In order for everyone to benefit from coal as a sustainable, reliable, and affordable energy source, international trade is necessary to reach all markets. Traditionally coal was (and still can be) a somewhat local resource. However, this isn’t true for all countries. China in particular has a growing need for coal in order to sustain its economic development. This has led to acceleration in growth (both volume and share terms) of internationally traded coal. In fact, all developments in China impact coal markets. However, the fight against pollution is now a driving force of energy policy, and Asian countries are following suit. China will continue to be the biggest consumer and importer of coal in the mid- to long-term future, as it has become their source of reliable energy supporting their industrial and social prosperity. However, to ensure coal can still be the dependable energy source of the future in China, the coal industry needs to continue developing and improving clean coal technology, as this will allow them to continue lighting the way for developing countries while complying with environmental regulations.

International Trade: Facebook Post

International coal trade allows humans to share technologies and master new environments where little to no energy sources are present. Coal also improves living standards for both developed and developing countries by providing abundant, affordable, reliable, and increasingly clean electricity to power human lives.

International Trade: Elevator Speech

Most countries are not energy self-sufficient, meaning the international coal trade is playing an increasingly significant role in providing energy to developing countries. The share of coal in the world energy supply increased from 25 percent in 1973, to almost 30 percent in 2014. By 2040, global coal trade is expected to grow by 40 percent, due mainly to rising coal imports in China and India. Traditionally coal has been a local resource, but China's growing need for coal to sustain its rapid economic development has led to acceleration in growth of internationally traded coal. The top five coal importers (China, Japan, Korea, India, and Taiwan) are in Asia, while the top five exporters (Indonesia, Australia, Russia, the United States and Colombia) are scattered around the globe. Global exports totaled 1,300 megatons (MT) in 2013, more than seven times the 185 MT amount 40 years earlier. The growing coal trade trend has led to massive investments in coal infrastructure to secure imports and exports. China and other developing countries in Asia will be the biggest consumers and importers of coal in the mid- to long-term future. The coal industry has shown a willingness to adapt to regulations with technologies such as scrubbers and low NOx burners, and will continue to adapt to carry on providing reliable energy to nations that need it.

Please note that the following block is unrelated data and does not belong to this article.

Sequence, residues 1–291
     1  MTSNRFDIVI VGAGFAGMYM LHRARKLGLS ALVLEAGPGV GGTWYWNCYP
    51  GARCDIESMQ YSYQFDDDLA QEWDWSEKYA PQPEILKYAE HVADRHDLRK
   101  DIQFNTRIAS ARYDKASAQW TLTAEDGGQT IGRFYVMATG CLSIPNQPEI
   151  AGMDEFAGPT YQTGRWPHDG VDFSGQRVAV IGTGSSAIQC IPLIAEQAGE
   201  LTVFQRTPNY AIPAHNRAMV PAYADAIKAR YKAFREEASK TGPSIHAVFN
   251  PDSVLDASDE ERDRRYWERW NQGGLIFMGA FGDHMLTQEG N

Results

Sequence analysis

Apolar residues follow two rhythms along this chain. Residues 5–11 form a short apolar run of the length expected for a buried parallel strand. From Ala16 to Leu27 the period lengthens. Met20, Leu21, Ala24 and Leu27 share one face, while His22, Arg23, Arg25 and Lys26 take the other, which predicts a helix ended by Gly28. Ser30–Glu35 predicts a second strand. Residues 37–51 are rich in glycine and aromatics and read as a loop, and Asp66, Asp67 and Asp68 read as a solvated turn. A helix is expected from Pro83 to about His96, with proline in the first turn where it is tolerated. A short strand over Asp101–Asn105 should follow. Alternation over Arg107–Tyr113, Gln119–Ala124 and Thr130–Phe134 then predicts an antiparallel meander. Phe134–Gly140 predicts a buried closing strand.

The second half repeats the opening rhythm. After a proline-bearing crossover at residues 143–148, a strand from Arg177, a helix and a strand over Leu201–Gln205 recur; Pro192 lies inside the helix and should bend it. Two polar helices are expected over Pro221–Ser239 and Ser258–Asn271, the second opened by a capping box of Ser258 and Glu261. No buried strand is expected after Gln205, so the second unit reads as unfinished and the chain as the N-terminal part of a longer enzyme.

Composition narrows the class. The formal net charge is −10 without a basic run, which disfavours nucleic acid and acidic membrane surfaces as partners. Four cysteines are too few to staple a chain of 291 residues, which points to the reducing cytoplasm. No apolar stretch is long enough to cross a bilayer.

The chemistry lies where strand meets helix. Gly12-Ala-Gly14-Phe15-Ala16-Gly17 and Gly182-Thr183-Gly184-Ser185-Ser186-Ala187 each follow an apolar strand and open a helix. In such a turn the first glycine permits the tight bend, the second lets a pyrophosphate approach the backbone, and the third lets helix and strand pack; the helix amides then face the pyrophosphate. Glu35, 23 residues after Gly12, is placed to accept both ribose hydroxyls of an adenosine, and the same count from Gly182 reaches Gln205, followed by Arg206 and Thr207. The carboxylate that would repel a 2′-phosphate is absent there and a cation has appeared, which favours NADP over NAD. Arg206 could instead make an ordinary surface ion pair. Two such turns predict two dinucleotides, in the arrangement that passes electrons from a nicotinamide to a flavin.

International Trade: Objections and Responses

Objection: Renewables and alternative energy resources will be available to replace coal generation going forward on a global scale.
Response: Coal is used in many applications where renewables and alternative energies do not (or cannot) play a significant role: power generation, steel production; cement manufacturing, alumina refineries, paper production, chemical and pharmaceutical industries, etc. In addition, many countries do not have renewable energy resources sufficient to cover their energy needs, and therefore need to import energy to help meet their requirements. In China, for example, economic growth needs more energy than their domestic energy options can supply. Diversification efforts and the so-called everything but coal policy, will lead to big developments of hydropower, wind, photovoltaic (PV), nuclear, and gas use (Citi: World Moving to "Everything but Coal", 2014). However, investments in new coal generation capacity and coal gasification plants will also be needed to support this growth. This is why both coal and international trade are important to keep world economies running (International Energy Agency, 2015).

Objection:Although coal continues to be an important part of the energy mix, it is not a clean energy that should be shipped around the world for unregulated use. Shipping coal requires further energy consumption and creates additional pollution.
Response: Maritime shipping is the world's most carbon-efficient form of transporting goods - far more efficient than road or air transport. Yet, the industry seeks to further improve the fuel efficiency and carbon footprint of its vessels. Today's container ships and vehicle carriers enable the movement of tremendous volumes of goods across the world. This movement of energy and goods has fueled global economic growth in a manner considered implausible only 50 or 60 years ago (World Shipping Council, 2015).